What are the benefits of stakeholder management?Effective stakeholder management helps you to hit your goals and enhance the outcomes of a project. A group of stakeholders will usually understand a situation better than you alone. Sharing information is crucial if you want to find a real solution and capture the value of a challenging opportunity. On the flip side, if your actions don’t meet or consider your stakeholder’s needs, they might reject your decision. Coordinating your efforts across multiple people can have far-reaching benefits.
- Stakeholder management is empowering, when it gets people involved in decision-making.
- Stakeholder management is sustainable because it helps you to make better long-term choices.
- Stakeholder management increases your chances of success because it drives support from the people who have an influence on your project.
How do I identify my stakeholders?The next question to ask, is who are your stakeholders? If you know who your stakeholders are, you will be in a far better position to engage them. Start off by identifying the individuals or groups of people that are likely to be affected by your organisation or project. Then, think about other people who might influence the organisation, project, and the people within it. From there, map out anyone that these groups are connected to and consider who might be impacted by any flow-on effects. Keep in mind, that there are usually more potential stakeholders than you think, so don’t be afraid to continue adding to your list. Make sure you also research the demographics of all stakeholder groups so that you understand their accessibility needs and the best ways to reach them. The next step is to prioritise your stakeholders. You need to ensure that you achieve the best outcomes for your project with the resources that you have available to achieve them. Stakeholder mapping is a great way to set priorities and allocate your resources productively. It gives you the ability to keep the right people informed and involved by classifying stakeholders based on their level of influence, impact, and interest.
You are now ready to create a stakeholder engagement strategy.
The next step in the stakeholder management process is to work out how to set up a strategy for how you will communicate with each stakeholder group and at what frequency.
There are different forms of engagement that you can use for each stakeholder group, depending on their level of influence and interest in your project and its goals.
Partnership: A two-way engagement strategy that involves joint learning, decision-making, and actions. It’s appropriate for stakeholders that have a high level of interest and influence in the project.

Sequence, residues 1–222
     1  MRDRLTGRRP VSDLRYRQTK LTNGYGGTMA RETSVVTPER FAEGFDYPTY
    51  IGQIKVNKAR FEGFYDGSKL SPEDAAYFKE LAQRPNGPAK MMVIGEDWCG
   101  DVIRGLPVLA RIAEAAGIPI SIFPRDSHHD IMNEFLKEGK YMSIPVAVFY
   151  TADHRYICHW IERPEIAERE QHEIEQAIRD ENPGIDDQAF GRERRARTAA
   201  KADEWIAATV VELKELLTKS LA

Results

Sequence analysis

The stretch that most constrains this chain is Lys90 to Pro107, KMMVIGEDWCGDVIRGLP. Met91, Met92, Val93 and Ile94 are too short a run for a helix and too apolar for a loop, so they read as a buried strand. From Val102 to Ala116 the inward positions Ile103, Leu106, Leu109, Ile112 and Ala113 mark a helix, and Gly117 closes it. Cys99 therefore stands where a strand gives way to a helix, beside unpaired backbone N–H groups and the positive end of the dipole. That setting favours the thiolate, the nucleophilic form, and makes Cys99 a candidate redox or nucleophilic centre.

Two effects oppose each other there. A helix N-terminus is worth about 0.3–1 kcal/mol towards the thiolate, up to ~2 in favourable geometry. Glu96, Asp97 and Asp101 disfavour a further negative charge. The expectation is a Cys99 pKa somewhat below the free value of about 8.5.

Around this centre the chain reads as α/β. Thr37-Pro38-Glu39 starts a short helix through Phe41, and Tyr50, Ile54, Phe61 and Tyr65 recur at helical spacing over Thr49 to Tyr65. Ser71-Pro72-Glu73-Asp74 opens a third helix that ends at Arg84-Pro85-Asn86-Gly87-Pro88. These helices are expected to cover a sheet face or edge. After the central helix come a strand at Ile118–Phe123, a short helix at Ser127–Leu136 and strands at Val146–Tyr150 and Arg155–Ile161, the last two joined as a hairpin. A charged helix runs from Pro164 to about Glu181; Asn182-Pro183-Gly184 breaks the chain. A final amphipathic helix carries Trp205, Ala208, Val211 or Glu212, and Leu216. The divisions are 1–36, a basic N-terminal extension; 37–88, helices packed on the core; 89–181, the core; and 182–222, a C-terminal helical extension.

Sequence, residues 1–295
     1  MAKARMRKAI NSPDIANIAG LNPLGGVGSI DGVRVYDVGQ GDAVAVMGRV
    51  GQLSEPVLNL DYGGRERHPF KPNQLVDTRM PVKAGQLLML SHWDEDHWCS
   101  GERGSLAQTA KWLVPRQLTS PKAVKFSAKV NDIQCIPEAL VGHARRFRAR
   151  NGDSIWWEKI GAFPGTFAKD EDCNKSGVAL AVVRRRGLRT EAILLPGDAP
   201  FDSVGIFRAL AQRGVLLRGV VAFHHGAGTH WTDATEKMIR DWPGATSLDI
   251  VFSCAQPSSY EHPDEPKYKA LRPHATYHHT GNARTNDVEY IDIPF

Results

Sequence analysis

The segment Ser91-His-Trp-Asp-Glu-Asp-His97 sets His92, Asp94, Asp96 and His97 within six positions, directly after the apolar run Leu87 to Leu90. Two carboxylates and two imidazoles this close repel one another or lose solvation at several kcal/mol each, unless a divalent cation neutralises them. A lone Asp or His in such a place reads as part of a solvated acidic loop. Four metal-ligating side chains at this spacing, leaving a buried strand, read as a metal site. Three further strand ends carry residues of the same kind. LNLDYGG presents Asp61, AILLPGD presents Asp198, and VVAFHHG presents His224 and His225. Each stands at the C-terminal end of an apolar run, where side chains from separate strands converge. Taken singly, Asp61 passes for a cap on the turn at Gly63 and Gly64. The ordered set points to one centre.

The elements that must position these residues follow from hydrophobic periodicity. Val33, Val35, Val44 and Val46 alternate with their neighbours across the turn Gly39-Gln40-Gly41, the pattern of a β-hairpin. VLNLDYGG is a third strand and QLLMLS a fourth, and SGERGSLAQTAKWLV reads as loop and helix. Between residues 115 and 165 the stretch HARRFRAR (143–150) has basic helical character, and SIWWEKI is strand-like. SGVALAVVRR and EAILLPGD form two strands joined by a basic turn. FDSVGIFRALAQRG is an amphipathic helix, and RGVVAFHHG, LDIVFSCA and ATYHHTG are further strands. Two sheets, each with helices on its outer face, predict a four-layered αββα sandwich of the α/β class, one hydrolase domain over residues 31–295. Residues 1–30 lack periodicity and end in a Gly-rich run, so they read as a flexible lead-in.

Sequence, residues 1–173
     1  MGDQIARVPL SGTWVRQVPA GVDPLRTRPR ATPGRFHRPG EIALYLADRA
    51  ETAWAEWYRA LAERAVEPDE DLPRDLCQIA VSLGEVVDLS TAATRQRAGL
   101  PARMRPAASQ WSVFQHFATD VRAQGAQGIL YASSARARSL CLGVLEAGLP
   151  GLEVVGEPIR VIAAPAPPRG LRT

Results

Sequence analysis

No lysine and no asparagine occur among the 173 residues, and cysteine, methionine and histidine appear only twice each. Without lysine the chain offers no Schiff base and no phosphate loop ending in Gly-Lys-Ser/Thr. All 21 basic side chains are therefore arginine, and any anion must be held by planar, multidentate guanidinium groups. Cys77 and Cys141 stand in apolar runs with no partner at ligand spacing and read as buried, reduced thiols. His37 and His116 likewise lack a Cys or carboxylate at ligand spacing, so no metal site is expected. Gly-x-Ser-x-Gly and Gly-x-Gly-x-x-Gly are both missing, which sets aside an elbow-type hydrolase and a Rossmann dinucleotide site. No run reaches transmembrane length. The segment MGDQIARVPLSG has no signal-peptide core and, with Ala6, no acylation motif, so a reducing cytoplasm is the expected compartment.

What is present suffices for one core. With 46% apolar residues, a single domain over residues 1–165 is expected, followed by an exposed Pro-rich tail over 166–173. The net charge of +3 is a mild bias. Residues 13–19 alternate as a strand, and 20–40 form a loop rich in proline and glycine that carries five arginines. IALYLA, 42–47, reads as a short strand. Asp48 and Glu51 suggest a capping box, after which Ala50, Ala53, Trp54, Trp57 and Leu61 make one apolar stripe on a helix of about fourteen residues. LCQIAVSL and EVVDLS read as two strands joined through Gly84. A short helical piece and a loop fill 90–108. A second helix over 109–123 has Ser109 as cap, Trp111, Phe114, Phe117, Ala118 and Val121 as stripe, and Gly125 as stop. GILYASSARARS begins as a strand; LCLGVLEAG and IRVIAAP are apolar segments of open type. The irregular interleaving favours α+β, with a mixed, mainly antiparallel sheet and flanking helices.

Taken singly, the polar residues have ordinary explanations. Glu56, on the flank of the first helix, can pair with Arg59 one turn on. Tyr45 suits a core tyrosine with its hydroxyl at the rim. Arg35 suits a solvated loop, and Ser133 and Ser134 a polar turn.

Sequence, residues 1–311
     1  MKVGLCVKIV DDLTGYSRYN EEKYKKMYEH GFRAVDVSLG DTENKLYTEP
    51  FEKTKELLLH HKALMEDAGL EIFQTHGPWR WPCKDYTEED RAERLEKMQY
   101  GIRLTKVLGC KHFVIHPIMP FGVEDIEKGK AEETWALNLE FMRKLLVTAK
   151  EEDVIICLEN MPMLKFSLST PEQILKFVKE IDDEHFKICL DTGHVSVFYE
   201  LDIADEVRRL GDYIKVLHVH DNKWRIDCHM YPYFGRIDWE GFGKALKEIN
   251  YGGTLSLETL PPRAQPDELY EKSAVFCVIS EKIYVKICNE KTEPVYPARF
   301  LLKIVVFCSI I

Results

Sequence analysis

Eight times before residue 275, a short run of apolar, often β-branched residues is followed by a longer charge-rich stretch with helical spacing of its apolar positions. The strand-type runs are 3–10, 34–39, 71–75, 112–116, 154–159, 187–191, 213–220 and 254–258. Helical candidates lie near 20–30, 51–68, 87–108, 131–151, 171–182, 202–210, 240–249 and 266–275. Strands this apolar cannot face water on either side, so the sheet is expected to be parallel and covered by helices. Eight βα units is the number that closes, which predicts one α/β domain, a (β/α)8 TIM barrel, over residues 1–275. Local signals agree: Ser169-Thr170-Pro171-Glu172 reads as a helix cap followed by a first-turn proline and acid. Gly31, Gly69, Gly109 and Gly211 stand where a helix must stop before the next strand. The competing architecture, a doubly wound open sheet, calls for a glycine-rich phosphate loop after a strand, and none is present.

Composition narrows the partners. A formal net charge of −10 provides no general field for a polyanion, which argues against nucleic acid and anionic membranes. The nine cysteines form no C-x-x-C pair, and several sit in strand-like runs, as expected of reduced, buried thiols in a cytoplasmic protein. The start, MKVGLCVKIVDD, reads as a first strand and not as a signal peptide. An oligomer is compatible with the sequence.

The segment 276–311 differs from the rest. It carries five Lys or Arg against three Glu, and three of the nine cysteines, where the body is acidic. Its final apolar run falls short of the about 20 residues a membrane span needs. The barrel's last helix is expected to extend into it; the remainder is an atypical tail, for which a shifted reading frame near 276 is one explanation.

Participation: A two-way engagement strategy that allows stakeholders to consult on the project within their limits of responsibility. Normally, this consultation follows a question and answer format, led by the organisation.
Push communications: A one-way engagement style in which the organisation may broadcast information to certain stakeholder groups using a range of informative communication channels such as emails, letters, webinars, podcasts, videos, and flyers.
Pull communications: A one-way engagement strategy in which information is made available to stakeholders to communicate the project, its goals, and how their needs have been accounted for. The communication channels might be a website or signage.
Throughout the process, you should continuously analyse and report on your interactions to gather learnings for your project and adapt your strategy as needed.
How can digital stakeholder management tools help?
To make constructive decisions, a person has to hold all of the opposing ideas, positions, and perspectives of a diverse range of stakeholders at the same time – while staying focused on the end goal and functioning effectively.
Let’s put that idea in the context of a city. Imagine if you were leading the development of a hospital. You might have to gather expertise, opinions, and insights from an incredibly broad cross-section of the community, such as; doctors, environmentalists, architects, engineers, builders, politicians, parents, construction workers, transport providers, and residents. But, once you have captured this information, it grounds all planning and processes of the development in a way that optimises contributions from everyone involved.
How many different interactions and modes of contact might your team have across that network of stakeholders over the entire lifespan of the project? How many groups might you have to report back to? It’s hard to imagine.
It’s not possible for the human mind to hold onto and process that much information effectively. People are fantastic at communicating, empathising, and imagining new possibilities. But, they are also highly subjective and memories change with time. That’s why people who are managing a huge network of stakeholders need technology to store all of the information that is gathered throughout the entire lifetime of the project.
When they have a good system for storing and integrating all of their data, they can create a reliable source of truth and can spend more of their mental energy on building relationships and moving their projects forward in the right direction. They can see the bigger picture and get back in the driver’s seat.